Negotiators trying to resolve labor strife at West Coast seaports took Thursday off, as dockworkers gathered to rally against employers they say are trying to exploit a crisis of cargo congestion at harbors that handle about $1 trillion worth of goods annually.
Earlier this month a federal mediator intervened in contract bargaining that began eight months ago but by fall had deteriorated into a blame game, as goods languished on docks.
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Longshoremen have been working without a contract since the previous one expired in July.
The companies operating port terminals assert that workers have slowed the rate at which they process containers brought from Asia aboard massive ships, adding to gridlock as mountains of imports dwell on dockside yards.
Employers started scaling back work crews this month, saying they won't unload ships at night and instead are focused on clearing the backlog from dockside yards. They say the strategy is working.
"I'm told that there's been some improvement in the last week," said Steve Getzug, a spokesman for the Pacific Maritime Association, which represents terminal operators and shipping lines.
Longshoremen dispute employer statistics that indicate their productivity has dropped and say employers are cutting back jobs to hurt workers and pressure negotiators for their union into a bad deal.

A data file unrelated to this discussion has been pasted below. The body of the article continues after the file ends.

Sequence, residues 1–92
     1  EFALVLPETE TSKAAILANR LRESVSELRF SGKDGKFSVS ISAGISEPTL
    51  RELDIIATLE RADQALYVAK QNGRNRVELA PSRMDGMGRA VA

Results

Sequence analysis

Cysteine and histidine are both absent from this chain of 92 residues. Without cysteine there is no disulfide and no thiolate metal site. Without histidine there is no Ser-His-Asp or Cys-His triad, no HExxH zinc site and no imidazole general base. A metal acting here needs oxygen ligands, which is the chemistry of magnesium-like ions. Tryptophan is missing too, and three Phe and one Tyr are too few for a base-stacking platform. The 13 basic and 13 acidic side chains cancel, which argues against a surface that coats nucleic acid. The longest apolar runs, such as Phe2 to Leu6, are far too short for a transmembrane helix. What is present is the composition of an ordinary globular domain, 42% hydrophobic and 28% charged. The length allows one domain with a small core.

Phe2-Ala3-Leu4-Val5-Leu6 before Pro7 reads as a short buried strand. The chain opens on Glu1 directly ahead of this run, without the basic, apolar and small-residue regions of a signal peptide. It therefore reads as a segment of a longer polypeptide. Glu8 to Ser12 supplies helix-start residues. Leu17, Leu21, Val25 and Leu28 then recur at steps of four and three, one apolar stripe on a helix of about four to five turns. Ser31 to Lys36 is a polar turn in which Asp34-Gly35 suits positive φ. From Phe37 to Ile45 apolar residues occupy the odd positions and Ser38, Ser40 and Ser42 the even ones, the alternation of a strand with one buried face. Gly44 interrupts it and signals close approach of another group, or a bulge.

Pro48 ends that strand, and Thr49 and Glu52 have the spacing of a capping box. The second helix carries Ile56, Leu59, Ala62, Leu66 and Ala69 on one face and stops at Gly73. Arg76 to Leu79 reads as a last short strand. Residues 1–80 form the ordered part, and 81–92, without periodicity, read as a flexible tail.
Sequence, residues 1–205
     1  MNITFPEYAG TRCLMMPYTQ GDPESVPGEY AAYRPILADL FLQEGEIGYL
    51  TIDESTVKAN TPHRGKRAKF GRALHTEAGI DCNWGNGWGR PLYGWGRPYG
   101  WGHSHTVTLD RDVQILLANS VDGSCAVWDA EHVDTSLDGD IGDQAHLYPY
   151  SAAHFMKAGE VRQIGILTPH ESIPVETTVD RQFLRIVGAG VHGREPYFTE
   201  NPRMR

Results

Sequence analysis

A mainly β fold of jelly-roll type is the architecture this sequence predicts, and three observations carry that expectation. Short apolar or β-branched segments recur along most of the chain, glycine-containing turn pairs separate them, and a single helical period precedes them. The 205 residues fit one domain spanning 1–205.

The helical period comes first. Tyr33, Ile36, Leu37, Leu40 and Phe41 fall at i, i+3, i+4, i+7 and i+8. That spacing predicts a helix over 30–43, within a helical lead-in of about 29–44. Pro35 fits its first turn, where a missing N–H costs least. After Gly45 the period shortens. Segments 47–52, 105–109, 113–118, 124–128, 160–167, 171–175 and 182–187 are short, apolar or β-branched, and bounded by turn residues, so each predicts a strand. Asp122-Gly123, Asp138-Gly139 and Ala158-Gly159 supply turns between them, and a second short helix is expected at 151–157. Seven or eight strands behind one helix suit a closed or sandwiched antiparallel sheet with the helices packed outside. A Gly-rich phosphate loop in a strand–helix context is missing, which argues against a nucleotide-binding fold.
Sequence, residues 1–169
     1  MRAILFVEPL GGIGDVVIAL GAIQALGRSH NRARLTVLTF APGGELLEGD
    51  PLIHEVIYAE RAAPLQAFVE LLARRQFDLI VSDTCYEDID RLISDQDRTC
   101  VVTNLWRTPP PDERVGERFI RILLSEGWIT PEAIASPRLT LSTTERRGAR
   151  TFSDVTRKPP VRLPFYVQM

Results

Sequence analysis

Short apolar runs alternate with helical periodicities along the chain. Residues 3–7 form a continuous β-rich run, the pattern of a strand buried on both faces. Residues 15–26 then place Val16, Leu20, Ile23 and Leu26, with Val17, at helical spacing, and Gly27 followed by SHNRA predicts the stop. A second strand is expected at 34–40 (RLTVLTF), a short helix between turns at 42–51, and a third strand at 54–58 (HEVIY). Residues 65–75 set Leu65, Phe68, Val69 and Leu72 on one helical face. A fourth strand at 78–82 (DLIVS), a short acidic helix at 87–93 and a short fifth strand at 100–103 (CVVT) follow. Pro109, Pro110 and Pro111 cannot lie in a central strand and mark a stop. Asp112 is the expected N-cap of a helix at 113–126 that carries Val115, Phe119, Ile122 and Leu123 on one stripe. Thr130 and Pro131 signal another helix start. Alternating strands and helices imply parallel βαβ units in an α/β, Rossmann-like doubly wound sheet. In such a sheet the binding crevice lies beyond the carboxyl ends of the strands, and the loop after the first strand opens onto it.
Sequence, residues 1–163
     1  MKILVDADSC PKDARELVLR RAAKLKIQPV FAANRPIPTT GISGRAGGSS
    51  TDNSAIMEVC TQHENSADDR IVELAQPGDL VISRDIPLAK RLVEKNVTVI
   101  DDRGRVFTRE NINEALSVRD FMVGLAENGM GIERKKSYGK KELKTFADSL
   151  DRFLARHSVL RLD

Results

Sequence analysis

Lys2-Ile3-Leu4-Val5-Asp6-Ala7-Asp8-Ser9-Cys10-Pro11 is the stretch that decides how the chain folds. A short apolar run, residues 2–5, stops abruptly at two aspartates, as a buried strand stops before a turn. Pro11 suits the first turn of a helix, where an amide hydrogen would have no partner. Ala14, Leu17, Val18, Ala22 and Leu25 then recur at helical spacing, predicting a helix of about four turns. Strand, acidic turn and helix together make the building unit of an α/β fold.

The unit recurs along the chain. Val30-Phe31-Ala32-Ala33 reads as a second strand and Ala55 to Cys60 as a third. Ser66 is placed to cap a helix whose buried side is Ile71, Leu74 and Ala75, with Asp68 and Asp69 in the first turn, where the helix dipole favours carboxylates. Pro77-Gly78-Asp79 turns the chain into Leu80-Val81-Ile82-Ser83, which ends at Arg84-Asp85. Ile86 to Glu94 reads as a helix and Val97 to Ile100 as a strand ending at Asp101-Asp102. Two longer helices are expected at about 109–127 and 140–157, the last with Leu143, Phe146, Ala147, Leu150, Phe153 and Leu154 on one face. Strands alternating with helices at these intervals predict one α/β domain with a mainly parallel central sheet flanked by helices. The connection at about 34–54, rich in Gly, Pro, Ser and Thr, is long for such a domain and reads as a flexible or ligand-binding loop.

As for congestion, dockworkers say they're not culpable and cite broader problems with the supply chain, including a shortage of truck beds to haul containers from yards to distribution warehouses.
What's more, congestion at Los Angeles and Long Beach — by far the nation's largest ports — is not improving with the cutting back of crews, according to local officials with the International Longshore and Warehouse Union.
"The employers' action is punitive. It's a measure to hit the pocketbooks of the workforce. It has zero to do with relieving congestion," said Bobby Olvera, Jr., president of the union's Local 13 branch.
Olvera and other union leaders planned to participate in simultaneous marches Thursday evening in Los Angeles and Tacoma, Washington.
West Coast seaports handle about one-quarter of the nation's trade, as measured by dollar value, according to international trade expert Jock O'Connell of Beacon Economics. That means about $1 trillion worth of imports or exports crosses West Coast docks annually.
Contract talks, taking place in San Francisco, were expected to resume Friday.
Aside from a tentative agreement over the summer on health care costs, there have been no publicly announced breakthroughs. In addition to wages, other issues include whether the union will be able to have jurisdiction over the maintenance and repair of truck chasses.
Contact Justin Pritchard at http://twitter.com/lalanewsman .